Hot Electrons Transverse Refluxing in Ultraintense Laser-Solid Interactions

LULI, Ecole Polytechnique, CNRS, CEA, UPMC, route de Saclay, 91128 Palaiseau, France.
Physical Review Letters (Impact Factor: 7.51). 07/2010; 105(1):015005. DOI: 10.1103/PHYSREVLETT.105.015005
Source: PubMed

ABSTRACT We have analyzed the coupling of ultraintense lasers (at ∼2×10{19}  W/cm{2}) with solid foils of limited transverse extent (∼10  s of μm) by monitoring the electrons and ions emitted from the target. We observe that reducing the target surface area allows electrons at the target surface to be reflected from the target edges during or shortly after the laser pulse. This transverse refluxing can maintain a hotter, denser and more homogeneous electron sheath around the target for a longer time. Consequently, when transverse refluxing takes places within the acceleration time of associated ions, we observe increased maximum proton energies (up to threefold), increased laser-to-ion conversion efficiency (up to a factor 30), and reduced divergence which bodes well for a number of applications.

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Available from: Thomas E Cowan, Sep 28, 2015
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    • "Normally, this mechanism just represents a loss of absorbed laser energy, which is converted to hot electrons but not contributing to the quasi static sheath built up at the target rear side. In a recent study [15], however, using very small diameter targets, the refluxing of transversely spreading electrons were found to enhance and smooth the sheath field for TNSA from the rear surface. "
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    ABSTRACT: A coated hollow core microsphere is introduced as a novel target in ultra-intense laser-matter interaction experiments. In particular, it facilitates staged laser-driven proton acceleration by combining conventional target normal sheath acceleration (TNSA), power recycling of hot laterally spreading electrons and staging in a very simple and cheap target geometry. During TNSA of protons from one area of the sphere surface, laterally spreading hot electrons form a charge wave. Due to the spherical geometry, this wave refocuses on the opposite side of the sphere, where an opening has been laser micromachined. This leads to a strong transient charge separation field being set up there, which can post-accelerate those TNSA protons passing through the hole at the right time. Experimentally, the feasibility of using such targets is demonstrated. A redistribution is encountered in the experimental proton energy spectra, as predicted by particle-in-cell simulations and attributed to transient fields set up by oscillating currents on the sphere surface.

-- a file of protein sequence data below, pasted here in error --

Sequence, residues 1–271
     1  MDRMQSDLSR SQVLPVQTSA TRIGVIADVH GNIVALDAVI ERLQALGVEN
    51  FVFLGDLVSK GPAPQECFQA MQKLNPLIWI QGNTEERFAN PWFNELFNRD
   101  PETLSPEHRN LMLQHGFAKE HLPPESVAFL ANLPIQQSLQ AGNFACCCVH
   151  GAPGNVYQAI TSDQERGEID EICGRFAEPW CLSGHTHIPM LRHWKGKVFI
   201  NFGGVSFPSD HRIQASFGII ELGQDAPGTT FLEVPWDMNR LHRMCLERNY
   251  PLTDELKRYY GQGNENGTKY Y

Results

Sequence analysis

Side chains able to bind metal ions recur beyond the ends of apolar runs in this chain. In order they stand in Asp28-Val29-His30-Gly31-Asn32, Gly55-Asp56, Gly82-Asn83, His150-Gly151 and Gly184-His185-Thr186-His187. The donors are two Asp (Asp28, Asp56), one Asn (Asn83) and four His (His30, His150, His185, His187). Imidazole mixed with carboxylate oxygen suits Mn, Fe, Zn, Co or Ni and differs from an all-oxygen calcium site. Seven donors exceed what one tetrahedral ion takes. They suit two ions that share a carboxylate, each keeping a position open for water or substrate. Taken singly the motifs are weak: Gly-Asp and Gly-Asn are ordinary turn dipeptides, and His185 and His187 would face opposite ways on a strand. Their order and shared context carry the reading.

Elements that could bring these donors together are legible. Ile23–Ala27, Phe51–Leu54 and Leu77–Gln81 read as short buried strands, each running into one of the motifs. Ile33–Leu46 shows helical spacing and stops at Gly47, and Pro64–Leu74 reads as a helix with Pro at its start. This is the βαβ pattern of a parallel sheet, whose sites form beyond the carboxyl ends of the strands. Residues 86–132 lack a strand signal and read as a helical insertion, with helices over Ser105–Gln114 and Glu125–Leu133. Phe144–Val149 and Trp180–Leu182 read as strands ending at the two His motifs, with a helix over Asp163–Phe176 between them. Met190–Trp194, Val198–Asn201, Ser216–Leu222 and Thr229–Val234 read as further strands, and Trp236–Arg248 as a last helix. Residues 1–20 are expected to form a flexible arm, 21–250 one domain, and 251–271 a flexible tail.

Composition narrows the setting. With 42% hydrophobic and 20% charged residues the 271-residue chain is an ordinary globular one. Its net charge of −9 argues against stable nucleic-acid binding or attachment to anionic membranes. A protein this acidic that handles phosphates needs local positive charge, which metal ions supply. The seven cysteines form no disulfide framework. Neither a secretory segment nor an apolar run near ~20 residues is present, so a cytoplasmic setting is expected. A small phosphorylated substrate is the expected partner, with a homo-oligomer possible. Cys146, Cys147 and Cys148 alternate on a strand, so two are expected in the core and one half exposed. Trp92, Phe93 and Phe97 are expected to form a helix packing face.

New Journal of Physics 02/2011; 13(1). DOI:10.1088/1367-2630/13/1/013030 · 3.56 Impact Factor
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    ABSTRACT: The employment of microstructured targets for efficient ion acceleration by short intense laser pulses is discussed. We further examine recently proposed targets, such as foil with hole or foil with slice joint to its front surface, by two dimensional particle-in-cell (PIC) simulations. These microstructured targets enable to accelerate protons to higher maximum energies compared with simple thin foils due to additional acceleration of hot electrons during laser-target interaction. On the other hand, we found that the energy fluencies of protons accelerated in those specially designed targets are reduced compared with thin foils irradiated by obliquely incident laser pulses.
    Laser Optics 2010; 07/2010
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    ABSTRACT: A technique developed to measure in time and space the dynamics of the electron populations resulting from the irradiation of thin solids by ultraintense lasers is presented. It is a phase reflectometry technique that uses an optical probe beam reflecting off the target rear surface. The phase of the probe beam is sensitive to both laser-produced fast electrons of low-density streaming into vacuum and warm solid density electrons that are heated by the fast electrons. A time and space resolved interferometer allows to recover the phase of the probe beam sampling the target. The entire diagnostic is computationally modeled by calculating the probe beam phase when propagating through plasma density profiles originating from numerical calculations of plasma expansion. Matching the modeling to the experimental measurements allows retrieving the initial electron density and temperature of both populations locally at the target surface with very high temporal and spatial resolution (~4 ps, 6 μm). Limitations and approximations of the diagnostic are discussed and analyzed.
    The Review of scientific instruments 11/2010; 81(11):113302. DOI:10.1063/1.3499250 · 1.61 Impact Factor
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